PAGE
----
Socca is a basically a chick pea crepe or pan cake, a street food from the south of France. I first read about it on David Lebovitz's site. As soon as I got my hands on some chick pea flour I gave it a try and it's been a staple in my kitchen ever since.
Usually it's made plain and eaten hot and fresh with a generous drizzle of olive oil and sprinkle of salt, but I've taken to experimenting with it. I've played with the seasonings, used it as a base for salads, and have even made little socca pizzas. It's a healthy bread alternative since the chick pea flour has a good amount of protein. It's also vegan and gluten-free. While you can find chick pea flour very cheaply at Indian grocers (look for 'besan', 'gram flour', or 'farine pois chiche'), if you have a gluten sensitivity you may want to look for a brand that can certify that it's gluten-free, like Bob's Red Mill.
Making socca isn't too scientific. It's a 1:1 ratio of chick pea flour to water, with a drizzle of olive oil, and a dash of salt. Traditionally a bit of cumin is added as well. The thickness of the crepe will vary depending on the size of the pan used, and you can adjust the amount of batter you make or pour to suit your preferences.
For one 10" crepe:
- 1/2 c. chick pea flour
- 1/2 c. water
- 2 tsp. extra virgin olive oil
- 1/4 tsp salt
- dash cumin
- Whisk all ingredients together and let sit for at least two hours.
- Put a cast iron skillet under your broiler and heat until thoroughly hot, (the pan should be as close to the broiler as possible). Alternately, heat the skillet on the stove top. The broiler is ideal, but in the heat of the summer the stove top will do.
- When the skillet is hot, add a generous drizzle of olive oil to the pan then add the batter, swirling it around if necessary to coat the pan.
- Broil the crepe until the top is browned, (a bit of char is desirable), up to 10 minutes. If cooking on the stove top, wait until the crepe looks firm, check to see if the under side is browned, then flip once.
- To serve, drizzle with a little more olive oil and a dash of sea salt.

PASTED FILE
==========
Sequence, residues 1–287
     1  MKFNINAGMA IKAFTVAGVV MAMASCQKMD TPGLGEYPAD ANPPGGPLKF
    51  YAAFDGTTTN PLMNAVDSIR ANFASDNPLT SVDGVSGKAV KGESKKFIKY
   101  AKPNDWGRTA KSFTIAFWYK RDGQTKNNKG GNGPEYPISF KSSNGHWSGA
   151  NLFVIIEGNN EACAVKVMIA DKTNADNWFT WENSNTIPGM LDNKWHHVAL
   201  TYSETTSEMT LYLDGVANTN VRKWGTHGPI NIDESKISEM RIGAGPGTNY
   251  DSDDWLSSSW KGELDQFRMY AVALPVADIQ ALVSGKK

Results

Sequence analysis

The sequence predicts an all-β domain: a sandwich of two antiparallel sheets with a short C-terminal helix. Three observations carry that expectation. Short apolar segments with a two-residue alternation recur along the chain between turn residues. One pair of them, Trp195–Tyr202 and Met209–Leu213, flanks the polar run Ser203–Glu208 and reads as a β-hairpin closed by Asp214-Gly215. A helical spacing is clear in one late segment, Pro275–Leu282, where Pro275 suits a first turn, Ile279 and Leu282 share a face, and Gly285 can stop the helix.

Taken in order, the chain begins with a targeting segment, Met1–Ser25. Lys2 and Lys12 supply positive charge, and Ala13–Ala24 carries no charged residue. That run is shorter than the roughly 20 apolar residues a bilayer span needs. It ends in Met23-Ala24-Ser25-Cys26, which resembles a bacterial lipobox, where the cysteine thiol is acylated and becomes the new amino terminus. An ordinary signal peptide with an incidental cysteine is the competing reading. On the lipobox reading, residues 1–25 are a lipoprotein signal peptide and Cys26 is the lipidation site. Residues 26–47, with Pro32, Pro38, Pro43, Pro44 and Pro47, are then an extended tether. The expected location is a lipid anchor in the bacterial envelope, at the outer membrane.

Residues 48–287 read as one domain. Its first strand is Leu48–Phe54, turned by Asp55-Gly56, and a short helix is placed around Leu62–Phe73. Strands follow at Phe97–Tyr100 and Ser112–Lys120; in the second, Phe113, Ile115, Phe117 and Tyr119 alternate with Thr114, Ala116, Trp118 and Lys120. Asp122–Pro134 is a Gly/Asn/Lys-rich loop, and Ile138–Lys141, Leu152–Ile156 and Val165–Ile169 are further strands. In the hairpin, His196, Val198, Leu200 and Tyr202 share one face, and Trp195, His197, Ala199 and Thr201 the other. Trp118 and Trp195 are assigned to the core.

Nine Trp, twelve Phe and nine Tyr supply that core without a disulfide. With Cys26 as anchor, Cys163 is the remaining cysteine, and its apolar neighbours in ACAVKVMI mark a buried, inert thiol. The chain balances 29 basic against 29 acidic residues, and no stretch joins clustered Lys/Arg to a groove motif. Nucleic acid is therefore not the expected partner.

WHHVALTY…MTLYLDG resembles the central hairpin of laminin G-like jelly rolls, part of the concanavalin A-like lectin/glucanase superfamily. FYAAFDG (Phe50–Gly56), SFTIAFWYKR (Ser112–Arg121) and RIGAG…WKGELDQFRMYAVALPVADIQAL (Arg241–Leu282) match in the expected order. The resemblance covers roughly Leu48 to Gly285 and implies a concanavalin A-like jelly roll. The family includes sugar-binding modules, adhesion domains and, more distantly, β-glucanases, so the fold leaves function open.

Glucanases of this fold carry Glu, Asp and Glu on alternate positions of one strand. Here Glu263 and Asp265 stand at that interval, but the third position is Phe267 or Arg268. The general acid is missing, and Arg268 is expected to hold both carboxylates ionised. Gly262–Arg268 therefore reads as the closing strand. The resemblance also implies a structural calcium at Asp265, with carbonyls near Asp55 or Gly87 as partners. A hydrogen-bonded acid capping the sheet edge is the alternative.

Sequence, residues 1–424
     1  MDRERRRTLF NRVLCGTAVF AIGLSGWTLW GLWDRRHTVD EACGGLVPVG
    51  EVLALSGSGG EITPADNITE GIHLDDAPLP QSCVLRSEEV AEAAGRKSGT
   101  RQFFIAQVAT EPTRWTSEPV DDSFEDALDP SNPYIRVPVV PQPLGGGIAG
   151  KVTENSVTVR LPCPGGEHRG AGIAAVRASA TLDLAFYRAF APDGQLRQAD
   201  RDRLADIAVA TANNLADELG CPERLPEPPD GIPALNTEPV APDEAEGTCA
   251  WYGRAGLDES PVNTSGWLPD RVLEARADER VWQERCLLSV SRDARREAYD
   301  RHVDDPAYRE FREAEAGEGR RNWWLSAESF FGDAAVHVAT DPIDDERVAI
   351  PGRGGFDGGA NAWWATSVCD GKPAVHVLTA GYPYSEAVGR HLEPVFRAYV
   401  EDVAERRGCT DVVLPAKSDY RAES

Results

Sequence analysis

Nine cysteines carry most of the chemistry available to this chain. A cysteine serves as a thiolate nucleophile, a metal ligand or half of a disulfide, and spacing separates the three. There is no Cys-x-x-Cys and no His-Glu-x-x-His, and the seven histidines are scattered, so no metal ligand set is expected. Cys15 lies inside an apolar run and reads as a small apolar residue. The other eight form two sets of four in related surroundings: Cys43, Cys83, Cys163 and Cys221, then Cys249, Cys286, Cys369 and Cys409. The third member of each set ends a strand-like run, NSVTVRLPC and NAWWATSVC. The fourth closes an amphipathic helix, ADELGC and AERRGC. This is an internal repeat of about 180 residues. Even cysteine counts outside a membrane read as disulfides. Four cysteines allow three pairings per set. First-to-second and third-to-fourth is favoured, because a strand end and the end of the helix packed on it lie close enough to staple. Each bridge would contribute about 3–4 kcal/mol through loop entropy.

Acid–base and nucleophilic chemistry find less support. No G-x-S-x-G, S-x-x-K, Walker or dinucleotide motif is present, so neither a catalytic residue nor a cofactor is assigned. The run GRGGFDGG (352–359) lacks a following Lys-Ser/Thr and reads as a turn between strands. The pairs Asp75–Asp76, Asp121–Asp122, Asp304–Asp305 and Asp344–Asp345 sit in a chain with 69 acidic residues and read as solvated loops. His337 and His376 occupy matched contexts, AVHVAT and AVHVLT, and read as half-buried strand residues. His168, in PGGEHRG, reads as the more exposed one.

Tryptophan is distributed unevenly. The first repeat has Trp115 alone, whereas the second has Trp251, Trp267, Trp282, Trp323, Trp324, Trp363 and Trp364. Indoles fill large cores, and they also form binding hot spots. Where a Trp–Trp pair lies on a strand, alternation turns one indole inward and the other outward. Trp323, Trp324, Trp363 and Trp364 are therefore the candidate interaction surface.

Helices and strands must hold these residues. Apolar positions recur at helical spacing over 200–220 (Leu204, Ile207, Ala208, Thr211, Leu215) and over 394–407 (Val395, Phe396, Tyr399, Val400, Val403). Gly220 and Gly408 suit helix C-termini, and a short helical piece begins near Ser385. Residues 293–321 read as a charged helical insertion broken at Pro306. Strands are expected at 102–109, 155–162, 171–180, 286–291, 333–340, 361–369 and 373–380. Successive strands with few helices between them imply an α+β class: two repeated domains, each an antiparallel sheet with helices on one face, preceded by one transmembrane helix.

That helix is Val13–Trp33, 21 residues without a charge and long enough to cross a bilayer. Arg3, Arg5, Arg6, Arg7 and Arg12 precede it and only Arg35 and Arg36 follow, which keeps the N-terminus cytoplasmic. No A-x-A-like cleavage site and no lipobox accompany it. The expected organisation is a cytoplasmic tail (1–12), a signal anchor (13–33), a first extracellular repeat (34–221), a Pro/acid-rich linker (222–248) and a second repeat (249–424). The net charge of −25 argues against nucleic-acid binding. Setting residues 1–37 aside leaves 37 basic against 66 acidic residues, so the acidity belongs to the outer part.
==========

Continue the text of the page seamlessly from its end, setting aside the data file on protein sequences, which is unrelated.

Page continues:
Socca can be served as a snack, an appetizer, or a side. Eat it plain or as a base for toppings. It would be a great vehicle for bruschetta as an appetizer. Using it as a gluten-free pizza base has taken a little experimentation and the technique varies depending on the toppings.
Here, I poured the batter and broiled it for about two minutes, then added chopped mushrooms and blue cheese crumbles. When adding toppings to the socca while it's cooking, they should be chopped finely and/or pre-cooked for the best results.
Here I added shopped spinach to the batter before pouring, making a thicker crepe that needed a longer cooking time. I waited a few minutes then added chopped onions, red pepper, and goat cheese. With all of these heavier toppings, the socca isn't nearly as crisp, but it's still quite tasty. If you want to use sauce or more than light crumbles of cheese, I recommend cooking the crepe on it's own and then transferring it to a baking sheet and adding the toppings to make your 'pizza'.
Pretty much any herbs can be used to flavor the socca. Here I used finely chopped fresh rosemary when I served it as a side.
Use socca as a creative base for a salad or cut it up and toss it with the salad as croutons, (you may want to toast them a bit more). While you can top the socca with salad when it's still hot, allowing it to cool on a wire rack will help it stay crisp.